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Global Forests -
Little Known or Interesting Factoids About Trees and Tree Physiology

Karen Rockoff is the primary contact 
Jim is in the hospital & will take calls through Karen.

Karen Rockoff is the only ISA certified
arborist with 
oakwilt.com.

BEWARE- There are other persons fraudulently representing Oakwilt.com. These persons are not authorized or licensed to use the oakwilt.com name or inject with the chemjet system. Please contact Karen Rockoff immediately if these persons attempt to solicit these services. 

Contact:  Cell: 830.955.0304
                     Karen Rockoff  Arborist  - TDA Certified
email:
klrockoff@yahoo.com
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LICHENS ON TREES

lichen
Lichens are organisms consisting of a fungus and a green or blue-green alga growing together in a mutually beneficial, symbiotic, relationship. Lichen is a combination of a fungus and a green or blue-green alga enclosed by the fungal hyphae.  The entire structure, called a thallus, is so different structurally from either of its partners that microscopic examination is necessary to distinguish the fungus and the alga. 
The fungus obtains food water and minerals from the air, the material it is growing on and from the alga, which manufactures food through photosynthesis and the alga receives some of its food and protection from the fungus. The alga provides carbohydrates and vitamins. Some blue-green algae fix nitrogen that is used by both the alga and the fungus. Nitrogen is also obtained from bird excrement, organic debris, or plant leachate.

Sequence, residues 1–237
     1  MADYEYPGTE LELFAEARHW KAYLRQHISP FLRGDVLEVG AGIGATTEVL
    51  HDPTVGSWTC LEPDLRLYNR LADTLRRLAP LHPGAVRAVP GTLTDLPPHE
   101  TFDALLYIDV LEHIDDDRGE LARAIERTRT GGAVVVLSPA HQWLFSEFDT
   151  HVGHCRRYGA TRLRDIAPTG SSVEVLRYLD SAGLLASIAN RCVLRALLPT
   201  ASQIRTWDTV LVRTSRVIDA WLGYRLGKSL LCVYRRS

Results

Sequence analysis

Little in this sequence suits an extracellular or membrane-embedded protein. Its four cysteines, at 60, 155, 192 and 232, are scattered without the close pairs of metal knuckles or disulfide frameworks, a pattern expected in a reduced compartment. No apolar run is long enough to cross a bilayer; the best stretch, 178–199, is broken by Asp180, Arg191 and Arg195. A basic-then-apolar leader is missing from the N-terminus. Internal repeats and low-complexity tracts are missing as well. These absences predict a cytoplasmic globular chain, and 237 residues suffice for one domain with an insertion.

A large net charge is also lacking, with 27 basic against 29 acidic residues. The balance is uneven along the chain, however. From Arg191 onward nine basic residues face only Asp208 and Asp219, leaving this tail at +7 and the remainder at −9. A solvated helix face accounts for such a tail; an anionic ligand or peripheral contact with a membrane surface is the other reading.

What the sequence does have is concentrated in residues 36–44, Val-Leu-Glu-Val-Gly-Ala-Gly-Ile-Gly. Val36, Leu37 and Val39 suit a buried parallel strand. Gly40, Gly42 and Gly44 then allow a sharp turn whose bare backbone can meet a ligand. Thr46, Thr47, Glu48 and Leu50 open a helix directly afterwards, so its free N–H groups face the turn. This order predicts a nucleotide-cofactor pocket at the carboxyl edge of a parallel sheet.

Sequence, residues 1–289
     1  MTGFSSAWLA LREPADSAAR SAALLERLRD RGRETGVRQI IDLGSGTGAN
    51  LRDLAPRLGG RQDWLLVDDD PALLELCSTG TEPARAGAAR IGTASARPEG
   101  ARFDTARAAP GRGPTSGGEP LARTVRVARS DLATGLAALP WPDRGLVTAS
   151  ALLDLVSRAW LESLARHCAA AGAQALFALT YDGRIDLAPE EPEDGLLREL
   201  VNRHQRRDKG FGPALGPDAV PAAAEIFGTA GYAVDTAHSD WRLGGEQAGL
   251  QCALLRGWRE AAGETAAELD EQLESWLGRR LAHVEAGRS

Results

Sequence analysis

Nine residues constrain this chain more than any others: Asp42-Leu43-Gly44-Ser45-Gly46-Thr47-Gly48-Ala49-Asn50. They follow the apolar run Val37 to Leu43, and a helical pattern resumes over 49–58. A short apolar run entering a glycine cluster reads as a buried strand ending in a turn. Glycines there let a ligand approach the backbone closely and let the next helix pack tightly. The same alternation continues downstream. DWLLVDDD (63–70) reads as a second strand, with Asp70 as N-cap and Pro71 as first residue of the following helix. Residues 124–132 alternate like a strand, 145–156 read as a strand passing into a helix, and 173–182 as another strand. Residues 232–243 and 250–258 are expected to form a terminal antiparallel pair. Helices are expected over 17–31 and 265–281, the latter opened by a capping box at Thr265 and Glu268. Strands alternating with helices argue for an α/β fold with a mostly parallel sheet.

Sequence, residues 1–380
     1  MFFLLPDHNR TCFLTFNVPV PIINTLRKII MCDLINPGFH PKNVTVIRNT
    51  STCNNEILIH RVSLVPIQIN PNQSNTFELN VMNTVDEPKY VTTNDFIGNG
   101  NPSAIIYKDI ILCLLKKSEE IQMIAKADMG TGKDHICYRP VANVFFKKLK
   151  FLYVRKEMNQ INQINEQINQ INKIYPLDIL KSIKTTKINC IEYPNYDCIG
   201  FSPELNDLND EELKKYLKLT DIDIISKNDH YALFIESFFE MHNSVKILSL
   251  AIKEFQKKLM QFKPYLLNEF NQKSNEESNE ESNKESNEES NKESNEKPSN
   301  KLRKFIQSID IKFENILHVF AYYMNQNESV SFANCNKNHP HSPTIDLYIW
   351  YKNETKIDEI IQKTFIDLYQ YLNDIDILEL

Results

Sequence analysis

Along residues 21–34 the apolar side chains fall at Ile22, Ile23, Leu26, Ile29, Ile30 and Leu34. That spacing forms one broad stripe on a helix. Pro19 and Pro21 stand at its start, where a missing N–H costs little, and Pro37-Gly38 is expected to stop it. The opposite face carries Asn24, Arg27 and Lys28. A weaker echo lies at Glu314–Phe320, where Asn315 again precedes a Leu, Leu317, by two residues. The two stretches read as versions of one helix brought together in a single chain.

Three forms of lichens exist, it may be flat, leafy, or branched and hairlike.- crustose (flat type of growth), foliose (leaf-like but with prostrate growth), and fruticose (bush-like and erect or hanging growth). The effect of lichens on trees is only slightly damaging.  All three forms occur on tree bark as well as on rocks, soil, and other substrates. Colors may range from white to gray, red, green, yellow, and black. Heavy lichen growth indicates poor tree growth as a result of some other cultural problem. Lichens can restrict gas exchange from the limb or twig and can restrict the amount of light received by a limb.

Materials used in the control of ball moss will kill the lichens for a short period. Regrowth usually occurs within the same year after the tree was sprayed. Chemical control of lichens is not currently recommended. This is due to two reasons, one, chemicals are currently not cleared by EPA and control has not been of long enough duration to warrant spraying. Rather, trees should be encouraged to develop a dense canopy which will shade out the lichen growth.

 

Although lichens grow on tree bark, they are not parasitic (disease-causing organisms), and do not harm trees. The fact that lichens grow rapidly when exposed to full sunlight may explain their profusion on dead trees. The one conclusion that may be drawn with certainty from lichens on trees is that the air nearby is relatively pure. Most lichens will not grow in a smoky or polluted atmosphere.
 
Photo Gallery:  Lichen on Trees -          http://www.lichen.com/portraits.html 

References:
Sinclair, W.A., Lyon, H.H., and Johnson, W.T. 1987. Lichens, p. 506 In: Diseases of Trees and Shrubs. Comstock Publ. Assoc., Cornell U. Press, Ithaca, NY. 574 pp. Webster, John. 1980. Lecanorales, pp. 367-368 In: Introduction to Fungi. Cambridge University Press, Cambridge. 669 pp.


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